By RICK PETERSON
Kaylee Manns loves playing volleyball.
But the former Washburn Rural state champion and multi-time Iowa State All-America setter never dreamed she'd still be playing professionally at 33 years old or that the sport would open the doors it has for her around the world.
"I literally remember saying to one of my really good friends that played at KU, 'I don't want to be that girl that's 30 and still playing,' and here we are,' '' Manns told TopSports.news.
But Manns, a three-sport star at Washburn Rural before concentrating on volleyball at Iowa State, has absolutely no complaints, thankful for every opportunity and experience the sport has provided.
Manns was named the Topeka Shawnee County overall senior female prep athlete of the year in 2006, is a member of the Kansas Volleyball Association Hall of Fame and has played professionally for more than a decade after finishing a record-setting career at Iowa State, with stints in Turkey, Switzerland, Germany, Brazil, Albania, the Phillipines and Puerto Rico.
"I didn't even know this was possible,'' Manns said. "I didn't even know you could play overseas. I went to college and I was like, 'OK, I guess I'm going to play volleyball here and I'll see how it goes.'
"The sport has grown so much that there's a lot more opportunities. I had no idea. Not even a thought in my mind.''
Most recently Manns, who now lives in Grand Rapids, Mich. after getting married to former USA National Team member Graham Mcilvaine this summer, played in the inaugural Athletes Unlimited league in February and March and has re-upped for a second season.
"I definitely still enjoy it,'' Manns said. "I'm done with the nine months, 10 months overseas for sure, but thankfully Athletes Unlimited happened and I can play in the states and it might in Kansas City this year I believe. I think it's between Kansas City and Dallas, so that would be really cool.
"I know the athletes and the season is like six weeks, which is pretty great. You just go really hard for six weeks and you play three matches a week, all over the weekend. It's so nice.''
Manns, who TopSports.news named the top volleyball athlete in Shawnee County history last month, will have another opportunity to celebrate her life in volleyball in late October when she is inducted into the Iowa State Hall of Fame.
Even though she was a two-time All-Big 12 first-team pick, a two-time All-American and helped the Cyclones reach the NCAA Tournament four times, Manns was caught by surprise when she got word from Iowa State athletic director Jamie Pollard that she had been selected for the Hall of Fame.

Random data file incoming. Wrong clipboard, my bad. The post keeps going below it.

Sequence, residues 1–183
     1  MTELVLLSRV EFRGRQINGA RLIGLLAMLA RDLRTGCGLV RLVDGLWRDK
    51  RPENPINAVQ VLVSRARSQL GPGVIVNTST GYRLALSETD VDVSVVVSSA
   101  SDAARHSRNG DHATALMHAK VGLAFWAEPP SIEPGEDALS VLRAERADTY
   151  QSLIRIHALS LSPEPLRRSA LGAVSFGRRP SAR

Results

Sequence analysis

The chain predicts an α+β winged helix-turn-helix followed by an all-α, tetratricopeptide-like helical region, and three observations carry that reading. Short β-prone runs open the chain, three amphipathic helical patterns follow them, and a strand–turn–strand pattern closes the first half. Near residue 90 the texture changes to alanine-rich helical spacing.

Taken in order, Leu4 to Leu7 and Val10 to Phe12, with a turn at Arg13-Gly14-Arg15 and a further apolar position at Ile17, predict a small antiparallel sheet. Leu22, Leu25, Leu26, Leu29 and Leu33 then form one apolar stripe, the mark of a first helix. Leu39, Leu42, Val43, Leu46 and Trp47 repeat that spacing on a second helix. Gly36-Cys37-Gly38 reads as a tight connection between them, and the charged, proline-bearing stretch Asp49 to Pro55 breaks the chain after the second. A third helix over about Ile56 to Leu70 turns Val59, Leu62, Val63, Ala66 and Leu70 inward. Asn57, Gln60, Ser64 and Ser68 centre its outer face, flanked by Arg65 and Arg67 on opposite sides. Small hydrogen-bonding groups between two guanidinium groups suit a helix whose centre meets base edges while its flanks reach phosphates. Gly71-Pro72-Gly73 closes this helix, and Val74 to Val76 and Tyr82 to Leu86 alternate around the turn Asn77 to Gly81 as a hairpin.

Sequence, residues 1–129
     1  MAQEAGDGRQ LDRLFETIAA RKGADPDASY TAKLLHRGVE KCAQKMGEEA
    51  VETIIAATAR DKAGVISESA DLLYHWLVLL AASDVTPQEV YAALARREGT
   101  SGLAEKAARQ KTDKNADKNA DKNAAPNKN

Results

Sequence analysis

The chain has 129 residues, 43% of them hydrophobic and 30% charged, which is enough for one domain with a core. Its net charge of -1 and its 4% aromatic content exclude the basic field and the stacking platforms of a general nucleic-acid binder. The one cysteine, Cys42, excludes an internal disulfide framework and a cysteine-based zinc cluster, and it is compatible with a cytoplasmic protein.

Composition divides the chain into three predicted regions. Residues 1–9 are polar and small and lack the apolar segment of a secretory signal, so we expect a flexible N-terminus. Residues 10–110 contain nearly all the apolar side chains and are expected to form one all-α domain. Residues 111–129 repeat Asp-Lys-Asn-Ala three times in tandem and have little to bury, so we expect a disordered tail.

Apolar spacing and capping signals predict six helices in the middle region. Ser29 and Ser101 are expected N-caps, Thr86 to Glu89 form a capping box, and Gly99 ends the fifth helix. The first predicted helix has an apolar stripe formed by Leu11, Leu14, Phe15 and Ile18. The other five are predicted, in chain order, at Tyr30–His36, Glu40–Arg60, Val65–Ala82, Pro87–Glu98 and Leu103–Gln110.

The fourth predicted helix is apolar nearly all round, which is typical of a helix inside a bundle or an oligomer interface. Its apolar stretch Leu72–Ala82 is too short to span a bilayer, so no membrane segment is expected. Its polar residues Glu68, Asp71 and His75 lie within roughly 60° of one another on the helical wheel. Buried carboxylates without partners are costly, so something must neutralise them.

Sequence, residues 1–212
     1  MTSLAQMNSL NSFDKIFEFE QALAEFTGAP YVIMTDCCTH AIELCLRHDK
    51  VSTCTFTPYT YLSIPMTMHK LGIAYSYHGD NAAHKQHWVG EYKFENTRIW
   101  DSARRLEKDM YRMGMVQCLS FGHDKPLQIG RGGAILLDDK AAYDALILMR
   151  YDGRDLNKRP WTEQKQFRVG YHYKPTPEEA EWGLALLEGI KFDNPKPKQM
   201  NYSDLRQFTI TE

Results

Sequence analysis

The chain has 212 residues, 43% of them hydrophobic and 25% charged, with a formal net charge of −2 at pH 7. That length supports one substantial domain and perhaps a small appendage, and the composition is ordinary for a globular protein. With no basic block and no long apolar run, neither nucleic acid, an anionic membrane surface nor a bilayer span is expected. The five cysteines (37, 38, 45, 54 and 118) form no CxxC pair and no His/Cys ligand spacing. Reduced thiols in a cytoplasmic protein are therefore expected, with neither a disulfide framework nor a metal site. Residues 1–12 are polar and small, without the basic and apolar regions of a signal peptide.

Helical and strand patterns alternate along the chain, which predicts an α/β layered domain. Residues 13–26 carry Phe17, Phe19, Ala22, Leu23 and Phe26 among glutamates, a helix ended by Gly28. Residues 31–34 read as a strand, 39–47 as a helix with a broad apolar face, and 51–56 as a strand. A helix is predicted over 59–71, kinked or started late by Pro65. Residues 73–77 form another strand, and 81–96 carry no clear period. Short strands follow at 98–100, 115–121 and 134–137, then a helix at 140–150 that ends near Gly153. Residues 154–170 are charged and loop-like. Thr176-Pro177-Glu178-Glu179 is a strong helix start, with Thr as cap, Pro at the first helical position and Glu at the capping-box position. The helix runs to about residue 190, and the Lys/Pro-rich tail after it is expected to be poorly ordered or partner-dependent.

"Absolutely,'' Manns said. "I saw that I had a missed call from Ames and he left a voice mail and I was like, 'I have no idea what this could be about.' Normally when an AD calls you you're like, 'Oh, I'm in trouble. What did I do? Why is he calling me?'
"But then he said (on the voice message) that he had some really exciting news and I knew it had to be something good. I called him back and he said, 'These are my favorite calls to make.' It's awesome.''
While continuing her playing career, Manns is also involved on the business side of the sport, launching a company that is focused on helping young athletes improve their skills while attracting the attention of college programs.
"I'll do like recruiting events and stuff in the spring and some in the summer and then we run a ton of clinics in the summer,'' Manns said. "We did like 50 in two and a half months this year. It was crazy.
"We run like three-hour clinics before tournaments and I pay college coaches to be on court with the kids. I'm really passionate about the D-II, D-III, NAIA kid because that's the majority and there's so many kids playing volleyball now that it's hard to be seen or noticed or recruited. It's just really difficult.''
While volleyball is her focus now, Manns continues to be a fan of multi-sport athletes after earning All-City and All-Centennial League honors in volleyball, basketball and soccer at Washburn Rural.
You need to expose yourself to everything to see what you like,'' Manns said. "I still enjoyed playing basketball, I still enjoyed playing soccer, so why would I stop? It kept me in shape and I liked to compete, so there was really no point in stopping.''
Fifteen years after leaving Rural, Manns still hasn't found a reason to end her career in athletics.
"I'm more than satisfied with what I've done,'' she said. "I don't have anything left to prove really, I just still enjoy playing.''